FIG. 7 shows the vehicle of this invention in a partially disassembled view arranged as a carriage for pushing handle 40, being upright and having an adjustable seat, corresponding to 60 of FIG. 1. Seat 60 is both horizontally and vertically adjustable and comprises a cushion 61 which fits into frame 62. The combination of frame and cushion is carried upon a seat support shown generally as 63. The seat support 63 consists of a pair of side bars 64 and 65 and a back bar identified by numeral 66. Seat support 63 is adjustably secured to stanchions 12, 14, 16, 22, 24, and 26 by locking means located on stanchions 14, 16, 22, and 24 as described above. Because of the independent suspension of all four corners of the seat support 63 the seat itself can be tilted frontwards, backwards, or sidewards. Extending forwardly from the back bar is a tubular member 67 upon which is fixed an "L" shaped bracket 68. Tube 66 is adapted to receive shaft 69 in sliding engagement. Shaft 67 which is provided with spaced slots in the same manner as are the upright stanchions and similar elements of the basic frame. The slots of shaft 69 are designed and adapted to engage and be secured by a locking device, of the type illustrated in FIG. 12, located on the remote end of tube 67. Shaft 69 is designed to pass through bracket 69 on the seat frame 62, thence into tube 67, thus securing the seat frame 62 to the seat support 63. In operation, the seat 60 is moved from front to back within the chassis by releasing the locking means on the rear of tube 67 as described above in regard to FIG. 12 and then sliding shaft 69 within tube 67 until the proper position is achieved and then securing the seat in that position by means of the locking device. Vertical positioning of the seat 60 is achieved by suitable adjustment of support 63 by the locking means on stanchions 14, 16, 22, and 24. As shown, the support arm 128 of each of the locking means used to secure the seat 60 pass through orifices provided in side bars 64 and 65, which are necessary to accommodate upwards tilting of the seat as illustrated in FIG. 9.
In FIG. 6, the chair is shown with activity tray 80 in place. The tray provides a stable play or work surface which can be positioned to accommodate a wide range of activities by patients of varying size and capabilities. Preferably, the tray is provided, as shown, with a rim 81 to contain and prevent loss of utensils, toys, tools, crayons, and the like. The tray is provided with a cut out portion to partially encircle the upper torso of the patient and is removably mounted on the chassis 4 by means of four brackets numbered 82, which in turn are secured to stanchions 16, 18, 24 and 26 by locking means 16a, 18a, 24a, and 26a as described above. It is often desirable that the tray be adapted to swing up and away from the patients by means of suitable hinges and clips of known construction.
Referring still to FIG. 6, the chair is also provided with a back support, shown generally at 70. The back support 80 comprises a cushion or pad, not shown in FIG. 6 but visible in FIG. 1, and a box-like frame 72 adapted to receive and hold the cushion. At its lower end, the frame 72 is movably attached to stanchions 14 and 22 by a pair of angle brackets 73 and suitable locking means as illustrated at 14a and including 22a. The upper portion of back support 70 is secured by bracket 71 and an A'frame fixture 74. The lower end of each leg of fixture is slidably secured to stanchions 12 and 20 by means of locking devices 12a and 20a, the support art of which passes through an opening or hole in the lower end of each leg of fixture 74. The relative said positioning of locking means permits tilting of back support 70 to a reclining position. If desired the back support can be fitted with an adjustable head rest to receive and support the head and neck of a patient. Such a support can be secured on the top of the back support by known means.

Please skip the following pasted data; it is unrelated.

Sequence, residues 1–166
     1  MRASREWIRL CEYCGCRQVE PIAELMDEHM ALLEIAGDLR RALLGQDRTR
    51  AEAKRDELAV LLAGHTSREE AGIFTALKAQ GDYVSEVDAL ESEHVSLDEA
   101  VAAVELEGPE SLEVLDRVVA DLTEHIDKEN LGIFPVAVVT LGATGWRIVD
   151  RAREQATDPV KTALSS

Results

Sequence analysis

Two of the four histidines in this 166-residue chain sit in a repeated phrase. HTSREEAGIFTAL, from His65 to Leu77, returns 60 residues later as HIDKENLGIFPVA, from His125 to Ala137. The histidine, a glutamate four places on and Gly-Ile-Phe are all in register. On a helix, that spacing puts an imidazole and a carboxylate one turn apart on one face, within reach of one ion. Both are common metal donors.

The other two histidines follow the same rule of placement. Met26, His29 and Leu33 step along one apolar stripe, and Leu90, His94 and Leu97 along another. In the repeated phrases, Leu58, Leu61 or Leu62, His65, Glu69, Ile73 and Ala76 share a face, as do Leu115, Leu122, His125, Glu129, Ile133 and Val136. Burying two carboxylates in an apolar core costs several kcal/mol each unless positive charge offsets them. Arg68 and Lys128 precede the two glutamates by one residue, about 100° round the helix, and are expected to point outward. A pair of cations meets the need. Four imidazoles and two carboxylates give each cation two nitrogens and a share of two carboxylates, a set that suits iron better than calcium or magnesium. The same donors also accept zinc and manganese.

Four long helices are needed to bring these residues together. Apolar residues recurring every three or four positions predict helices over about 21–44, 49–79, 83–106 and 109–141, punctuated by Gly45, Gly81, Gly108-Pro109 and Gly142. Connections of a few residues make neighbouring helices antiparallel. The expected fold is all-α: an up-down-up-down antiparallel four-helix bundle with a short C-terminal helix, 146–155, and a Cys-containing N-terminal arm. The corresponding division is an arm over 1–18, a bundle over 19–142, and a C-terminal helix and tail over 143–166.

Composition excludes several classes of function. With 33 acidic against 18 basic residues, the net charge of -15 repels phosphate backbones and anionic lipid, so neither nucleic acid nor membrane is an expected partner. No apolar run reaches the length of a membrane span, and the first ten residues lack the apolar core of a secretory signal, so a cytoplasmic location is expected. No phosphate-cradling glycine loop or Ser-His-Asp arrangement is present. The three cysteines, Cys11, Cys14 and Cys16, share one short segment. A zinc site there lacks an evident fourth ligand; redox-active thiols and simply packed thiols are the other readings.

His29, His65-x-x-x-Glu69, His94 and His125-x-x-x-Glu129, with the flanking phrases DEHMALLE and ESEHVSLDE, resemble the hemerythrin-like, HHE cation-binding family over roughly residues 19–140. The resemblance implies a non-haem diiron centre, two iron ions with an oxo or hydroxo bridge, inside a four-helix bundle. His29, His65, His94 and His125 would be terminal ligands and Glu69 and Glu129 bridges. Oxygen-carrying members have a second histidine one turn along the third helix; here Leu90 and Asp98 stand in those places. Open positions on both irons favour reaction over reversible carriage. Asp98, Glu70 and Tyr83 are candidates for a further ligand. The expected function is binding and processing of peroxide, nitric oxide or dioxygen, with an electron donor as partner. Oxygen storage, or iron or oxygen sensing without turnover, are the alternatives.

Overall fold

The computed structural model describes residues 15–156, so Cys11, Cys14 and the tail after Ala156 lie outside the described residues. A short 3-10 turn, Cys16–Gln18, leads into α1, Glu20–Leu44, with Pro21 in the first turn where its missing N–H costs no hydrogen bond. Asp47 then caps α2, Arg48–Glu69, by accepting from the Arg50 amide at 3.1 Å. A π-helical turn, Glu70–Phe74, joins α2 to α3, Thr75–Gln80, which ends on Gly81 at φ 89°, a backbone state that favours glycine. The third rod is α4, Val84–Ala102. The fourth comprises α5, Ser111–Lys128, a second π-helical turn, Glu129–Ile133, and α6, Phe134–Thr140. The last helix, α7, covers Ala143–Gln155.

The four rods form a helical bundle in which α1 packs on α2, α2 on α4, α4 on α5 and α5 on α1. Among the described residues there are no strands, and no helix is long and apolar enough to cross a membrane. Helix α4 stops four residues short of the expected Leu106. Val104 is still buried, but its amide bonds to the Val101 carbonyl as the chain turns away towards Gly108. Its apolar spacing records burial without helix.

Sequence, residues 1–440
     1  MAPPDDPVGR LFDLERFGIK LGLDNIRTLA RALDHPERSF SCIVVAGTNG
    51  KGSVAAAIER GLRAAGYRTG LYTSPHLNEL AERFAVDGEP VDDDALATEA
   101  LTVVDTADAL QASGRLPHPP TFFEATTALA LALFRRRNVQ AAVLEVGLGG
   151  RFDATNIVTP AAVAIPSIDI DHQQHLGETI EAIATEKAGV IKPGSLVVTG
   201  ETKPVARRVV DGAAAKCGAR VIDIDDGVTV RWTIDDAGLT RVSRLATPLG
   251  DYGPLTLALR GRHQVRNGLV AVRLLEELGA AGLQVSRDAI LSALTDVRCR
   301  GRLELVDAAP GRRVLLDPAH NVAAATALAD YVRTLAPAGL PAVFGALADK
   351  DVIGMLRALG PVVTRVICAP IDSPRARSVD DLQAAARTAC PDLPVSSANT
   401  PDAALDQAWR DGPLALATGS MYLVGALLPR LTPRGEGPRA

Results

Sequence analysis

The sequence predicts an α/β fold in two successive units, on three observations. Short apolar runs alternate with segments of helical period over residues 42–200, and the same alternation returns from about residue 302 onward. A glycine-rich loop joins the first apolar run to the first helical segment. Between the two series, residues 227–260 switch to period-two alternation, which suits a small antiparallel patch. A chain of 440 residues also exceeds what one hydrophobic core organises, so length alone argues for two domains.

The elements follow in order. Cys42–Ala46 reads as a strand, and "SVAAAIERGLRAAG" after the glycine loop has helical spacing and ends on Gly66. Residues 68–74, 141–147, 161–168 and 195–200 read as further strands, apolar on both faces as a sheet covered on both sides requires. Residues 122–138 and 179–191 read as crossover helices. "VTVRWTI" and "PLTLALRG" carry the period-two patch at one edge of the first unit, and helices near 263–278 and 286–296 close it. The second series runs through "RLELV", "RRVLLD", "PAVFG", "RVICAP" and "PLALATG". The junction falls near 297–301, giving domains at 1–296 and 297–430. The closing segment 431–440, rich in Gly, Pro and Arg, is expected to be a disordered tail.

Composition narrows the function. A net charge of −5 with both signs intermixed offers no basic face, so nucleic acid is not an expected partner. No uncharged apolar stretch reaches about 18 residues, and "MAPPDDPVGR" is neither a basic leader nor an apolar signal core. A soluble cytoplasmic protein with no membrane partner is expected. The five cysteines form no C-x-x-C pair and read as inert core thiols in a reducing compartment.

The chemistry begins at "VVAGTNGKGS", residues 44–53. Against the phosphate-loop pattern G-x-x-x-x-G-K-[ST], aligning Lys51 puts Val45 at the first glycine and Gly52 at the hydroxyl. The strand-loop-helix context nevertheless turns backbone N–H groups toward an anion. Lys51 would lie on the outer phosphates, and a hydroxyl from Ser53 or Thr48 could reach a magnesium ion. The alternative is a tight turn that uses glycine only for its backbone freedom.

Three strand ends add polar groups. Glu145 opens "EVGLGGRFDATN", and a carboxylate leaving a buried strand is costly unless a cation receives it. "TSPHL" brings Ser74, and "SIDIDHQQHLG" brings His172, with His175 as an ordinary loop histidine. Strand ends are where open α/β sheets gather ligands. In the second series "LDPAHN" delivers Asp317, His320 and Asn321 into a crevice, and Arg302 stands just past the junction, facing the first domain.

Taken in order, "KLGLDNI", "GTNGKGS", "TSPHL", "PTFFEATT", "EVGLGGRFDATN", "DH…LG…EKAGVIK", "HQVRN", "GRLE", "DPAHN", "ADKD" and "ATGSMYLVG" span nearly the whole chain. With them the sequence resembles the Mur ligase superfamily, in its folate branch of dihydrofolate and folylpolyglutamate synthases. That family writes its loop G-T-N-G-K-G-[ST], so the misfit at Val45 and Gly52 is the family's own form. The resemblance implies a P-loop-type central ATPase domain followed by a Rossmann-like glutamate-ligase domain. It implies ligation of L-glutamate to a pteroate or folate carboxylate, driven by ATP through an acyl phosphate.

The wide range of operative configurations in which the vehicle of this invention can be utilized are illustrated by FIGS. 2, 3, 4, 8, 9, and 10.
In FIG. 2, the chair is shown with patient in place supported by foot rest 50, seat 60, back rest 70 and using activity tray 80. Additional support for the upper torso is provided by a body band 70a or belt which passes around the body of the patient.
In FIG. 3, the activity tray has been removed to show placement of an abduction unit or pommel 60a between the thighs of the patient. Such units are well known in the treatment of muscular and nervous system disorders and can be attached to seat 60 by known means.
In FIG. 4, the foot rest 50 has been removed. Seat 60 and back support 70 are lowered to permit the patient's feet to contact ground or floor. This permits use of the chair as a sitting walker.
In FIG. 8, use as a stand-up walker with a patient facing the rear of the chair is illustrated. Tray 80 and back support 70 are positioned to provide support for the patient while seat 60 is in a non-use position. The patient could be faced in the opposite direction. In FIG. 9, the back support 70 and seat 60 are tilted into a semi-reclining position. Suitable adjustments of these elements makes possible a wide variety of positions, from sitting to almost supine.
In FIG. 10 seat 60, back support 70, and foot rest 50 cooperate to provide a so-called standing-borad configuration in which these elements support the patient in an extended semi-prone or sloped posture. The patient is placed on the stomach facing the rear of the chair and the activity tray 80 is positioned as shown to provide a work or play surface. In this configuration, the handle 40 comprising sides 42 and 43 and cross piece 46 must be placed in the down position as described above in order to accommodate the slant of back support 70 and the position of tray 80.
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|U.S. Classification||297/344.18, 297/DIG.4, 297/423.19, 297/467, 297/183.6, 280/87.021|
|International Classification||A61G5/12, A61G5/10, A47C1/022, A61G5/00, A47C7/68|
|Cooperative Classification||A61G5/128, A61G5/1094, A61G5/1091, A61G5/125, Y10S297/04, A61G5/00, A61G5/1059, A61G5/1075|
|European Classification||A61G5/00, A47C1/022, A47C7/68, A61G5/10S2, A61G5/10S14|